The Fabled Thread is the work of Eppie Thompson, a sewing extraordinaire who went from City worker to needle and thread expert. Since then, she’s transformed her home into a maximalist, sewing oasis, so we couldn’t miss the opportunity to sit down with her and learn more about her home.
Eppie’s work has been featured in Vogue, Elle Decoration, The Telegraph, House & Gardens, Living Etc, to name but a few. We’re in good hands.
Q: Tell us a bit about yourself?
E: I work primarily in textiles, producing work inspired by folk arts from around the world. I’m passionate about making things; be it sewing, drawing, pottery, interiors… anything.
I believe everyone has an inner creative just waiting to get out. My main aim in life, whether with sewing or through any other medium, is to try and inspire others to get making too.
Q: Why did you set up The Fabled Thread?
E: When two friends got engaged a few years ago, I decided to try to stitch them a wedding present, and I fell in love with the meditative process of embroidery. It became an outlet for me from my stressful job in the City.
When looking for kits to make, I couldn’t find anything that appealed to my aesthetic. So, I decided to start making my own. Whilst I, of course, love the pieces and designs I create, for me the core aim of the business is to encourage more people to sew. There are so many wonderful mindful benefits beyond the piece you create.
In our constantly switched-on, hectic world, I think it could bring everyone a little bit of peace.
Q: Where do you find the inspirations for your designs?
E: Storytelling is at the heart of everything I create. Whether it’s referring to regional folk tales, mythical creatures, children's books, or my own made up stories. All my designs have a narrative running through them.
It’s wonderful to make a piece of art where you know the story behind it, which might not be so obvious to anyone else looking. It creates a connection between the maker and the artwork.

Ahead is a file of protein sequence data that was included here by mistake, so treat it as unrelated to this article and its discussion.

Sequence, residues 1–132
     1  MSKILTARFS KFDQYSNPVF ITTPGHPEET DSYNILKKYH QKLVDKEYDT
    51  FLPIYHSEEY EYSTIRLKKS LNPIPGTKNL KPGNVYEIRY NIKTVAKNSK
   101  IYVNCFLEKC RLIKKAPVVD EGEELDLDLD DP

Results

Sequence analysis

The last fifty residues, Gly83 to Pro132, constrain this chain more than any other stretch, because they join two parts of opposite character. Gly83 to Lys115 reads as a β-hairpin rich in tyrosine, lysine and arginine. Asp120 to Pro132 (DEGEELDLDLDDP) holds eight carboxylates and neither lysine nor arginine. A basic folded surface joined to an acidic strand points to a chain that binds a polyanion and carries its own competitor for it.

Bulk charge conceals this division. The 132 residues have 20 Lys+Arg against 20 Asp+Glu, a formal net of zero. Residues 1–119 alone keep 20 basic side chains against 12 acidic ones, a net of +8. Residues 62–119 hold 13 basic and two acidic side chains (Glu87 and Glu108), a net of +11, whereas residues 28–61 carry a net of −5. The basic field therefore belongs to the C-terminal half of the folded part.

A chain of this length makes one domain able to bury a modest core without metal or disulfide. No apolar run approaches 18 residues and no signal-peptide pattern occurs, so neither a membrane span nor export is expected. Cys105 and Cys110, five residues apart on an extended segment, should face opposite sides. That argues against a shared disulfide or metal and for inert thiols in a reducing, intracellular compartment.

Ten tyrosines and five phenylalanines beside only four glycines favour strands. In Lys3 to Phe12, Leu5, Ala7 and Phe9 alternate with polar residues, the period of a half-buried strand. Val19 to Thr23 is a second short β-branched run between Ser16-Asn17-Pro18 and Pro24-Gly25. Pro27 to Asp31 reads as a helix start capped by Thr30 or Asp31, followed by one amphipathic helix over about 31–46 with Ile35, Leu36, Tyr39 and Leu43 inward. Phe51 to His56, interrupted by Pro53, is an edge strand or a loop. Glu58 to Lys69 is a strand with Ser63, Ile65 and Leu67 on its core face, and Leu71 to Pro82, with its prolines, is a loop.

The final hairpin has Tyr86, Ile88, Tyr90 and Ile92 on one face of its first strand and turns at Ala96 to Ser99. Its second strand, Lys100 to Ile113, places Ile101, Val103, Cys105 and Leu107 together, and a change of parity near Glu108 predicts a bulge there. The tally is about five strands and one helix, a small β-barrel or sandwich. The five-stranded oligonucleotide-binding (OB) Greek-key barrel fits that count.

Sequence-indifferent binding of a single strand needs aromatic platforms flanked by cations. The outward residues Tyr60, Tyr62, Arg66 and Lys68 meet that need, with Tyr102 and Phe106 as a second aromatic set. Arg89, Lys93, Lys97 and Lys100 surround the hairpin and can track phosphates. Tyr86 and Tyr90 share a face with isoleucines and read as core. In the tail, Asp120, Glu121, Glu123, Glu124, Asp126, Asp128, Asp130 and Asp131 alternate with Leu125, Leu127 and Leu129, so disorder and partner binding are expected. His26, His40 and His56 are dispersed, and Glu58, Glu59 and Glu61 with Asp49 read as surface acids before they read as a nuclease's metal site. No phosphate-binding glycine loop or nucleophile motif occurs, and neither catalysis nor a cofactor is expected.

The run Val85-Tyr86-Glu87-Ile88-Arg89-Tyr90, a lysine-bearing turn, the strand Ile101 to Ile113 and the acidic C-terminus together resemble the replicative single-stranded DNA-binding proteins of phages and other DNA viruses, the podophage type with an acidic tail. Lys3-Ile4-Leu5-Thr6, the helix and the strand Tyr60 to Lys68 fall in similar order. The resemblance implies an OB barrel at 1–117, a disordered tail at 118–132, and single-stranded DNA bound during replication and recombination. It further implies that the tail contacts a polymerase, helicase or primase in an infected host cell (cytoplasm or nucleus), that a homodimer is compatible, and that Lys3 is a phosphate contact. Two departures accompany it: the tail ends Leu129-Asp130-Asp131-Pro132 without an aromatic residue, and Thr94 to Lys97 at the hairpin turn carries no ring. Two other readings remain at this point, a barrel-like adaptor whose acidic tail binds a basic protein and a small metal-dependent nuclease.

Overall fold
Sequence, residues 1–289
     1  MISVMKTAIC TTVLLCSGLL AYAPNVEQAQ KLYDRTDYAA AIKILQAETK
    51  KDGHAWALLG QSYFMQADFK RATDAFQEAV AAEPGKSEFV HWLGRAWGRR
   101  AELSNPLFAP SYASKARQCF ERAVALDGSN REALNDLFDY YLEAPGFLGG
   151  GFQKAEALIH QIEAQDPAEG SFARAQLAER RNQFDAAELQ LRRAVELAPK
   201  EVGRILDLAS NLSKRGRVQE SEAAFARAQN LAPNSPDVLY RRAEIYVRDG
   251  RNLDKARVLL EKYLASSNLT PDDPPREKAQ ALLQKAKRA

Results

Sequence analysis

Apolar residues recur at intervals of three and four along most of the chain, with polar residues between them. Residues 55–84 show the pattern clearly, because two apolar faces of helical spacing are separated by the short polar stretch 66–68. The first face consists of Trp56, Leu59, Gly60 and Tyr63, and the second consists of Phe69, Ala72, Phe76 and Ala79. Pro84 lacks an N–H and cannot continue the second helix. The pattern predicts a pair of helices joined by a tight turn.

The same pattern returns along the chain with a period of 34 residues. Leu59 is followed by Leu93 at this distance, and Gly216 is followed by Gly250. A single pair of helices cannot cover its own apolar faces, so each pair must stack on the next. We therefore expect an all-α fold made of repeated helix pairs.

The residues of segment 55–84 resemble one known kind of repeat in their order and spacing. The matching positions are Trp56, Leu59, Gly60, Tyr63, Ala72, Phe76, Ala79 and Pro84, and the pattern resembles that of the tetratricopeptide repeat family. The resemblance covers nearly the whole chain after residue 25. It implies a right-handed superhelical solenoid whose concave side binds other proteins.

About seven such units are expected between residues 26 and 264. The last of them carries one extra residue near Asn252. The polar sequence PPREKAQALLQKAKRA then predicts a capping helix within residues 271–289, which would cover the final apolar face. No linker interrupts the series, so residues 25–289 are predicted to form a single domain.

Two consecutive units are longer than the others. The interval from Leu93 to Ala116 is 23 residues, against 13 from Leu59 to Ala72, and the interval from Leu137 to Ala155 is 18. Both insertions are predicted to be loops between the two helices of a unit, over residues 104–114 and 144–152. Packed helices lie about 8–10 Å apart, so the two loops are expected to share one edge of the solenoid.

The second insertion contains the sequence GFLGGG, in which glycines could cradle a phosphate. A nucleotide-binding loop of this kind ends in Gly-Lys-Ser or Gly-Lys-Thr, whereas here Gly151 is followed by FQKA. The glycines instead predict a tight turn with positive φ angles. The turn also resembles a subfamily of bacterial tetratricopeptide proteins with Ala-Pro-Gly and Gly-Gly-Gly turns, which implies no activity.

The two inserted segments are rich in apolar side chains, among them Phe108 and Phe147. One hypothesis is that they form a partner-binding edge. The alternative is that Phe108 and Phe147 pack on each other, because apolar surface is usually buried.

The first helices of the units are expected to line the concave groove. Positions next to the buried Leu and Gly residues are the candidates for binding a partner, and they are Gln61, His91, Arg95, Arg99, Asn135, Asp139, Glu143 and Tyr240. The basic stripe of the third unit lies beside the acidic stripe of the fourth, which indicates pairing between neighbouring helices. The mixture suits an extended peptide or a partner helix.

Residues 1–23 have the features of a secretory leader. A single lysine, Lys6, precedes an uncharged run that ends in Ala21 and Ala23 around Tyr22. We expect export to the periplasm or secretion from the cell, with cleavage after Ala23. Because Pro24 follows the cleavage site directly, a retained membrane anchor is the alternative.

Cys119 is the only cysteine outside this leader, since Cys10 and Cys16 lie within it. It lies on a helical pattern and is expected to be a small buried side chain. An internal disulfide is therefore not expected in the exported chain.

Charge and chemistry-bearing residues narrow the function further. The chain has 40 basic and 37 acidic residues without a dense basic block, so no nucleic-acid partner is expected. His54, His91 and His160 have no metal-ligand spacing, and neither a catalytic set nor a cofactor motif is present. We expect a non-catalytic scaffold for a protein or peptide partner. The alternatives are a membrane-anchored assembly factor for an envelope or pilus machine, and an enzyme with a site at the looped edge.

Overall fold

Q: Describe your style?
E: I would describe my work as folk art. As with most traditional folk art, I am not trained and, at its core, the work I produce is simple and naïve. Each design uses basic stitches and simple materials.
For me it isn’t about displaying great skill, instead it is about creating imagery that tells a story. Nothing needs to look like you think it should… an elephant can be pink, a tiger can have a mane, a fish can be the size of a ship. I think my style is playful and I hope, full of joy.
Q: What would you say is your biggest triumph in your home?
E: I think my biggest triumph is having the confidence to make my home a true expression of myself. When entering it feels like you are coming into another world. I have painted the opening lines of The Jabberwocky round the door frame as you come in and for me that entirely sets the scene. It is full of whimsy, colour, pattern and life, and I hope inspires anyone who visits to unleash their inner creativity.
Q: Talk us through how you’ve styled your sitting room?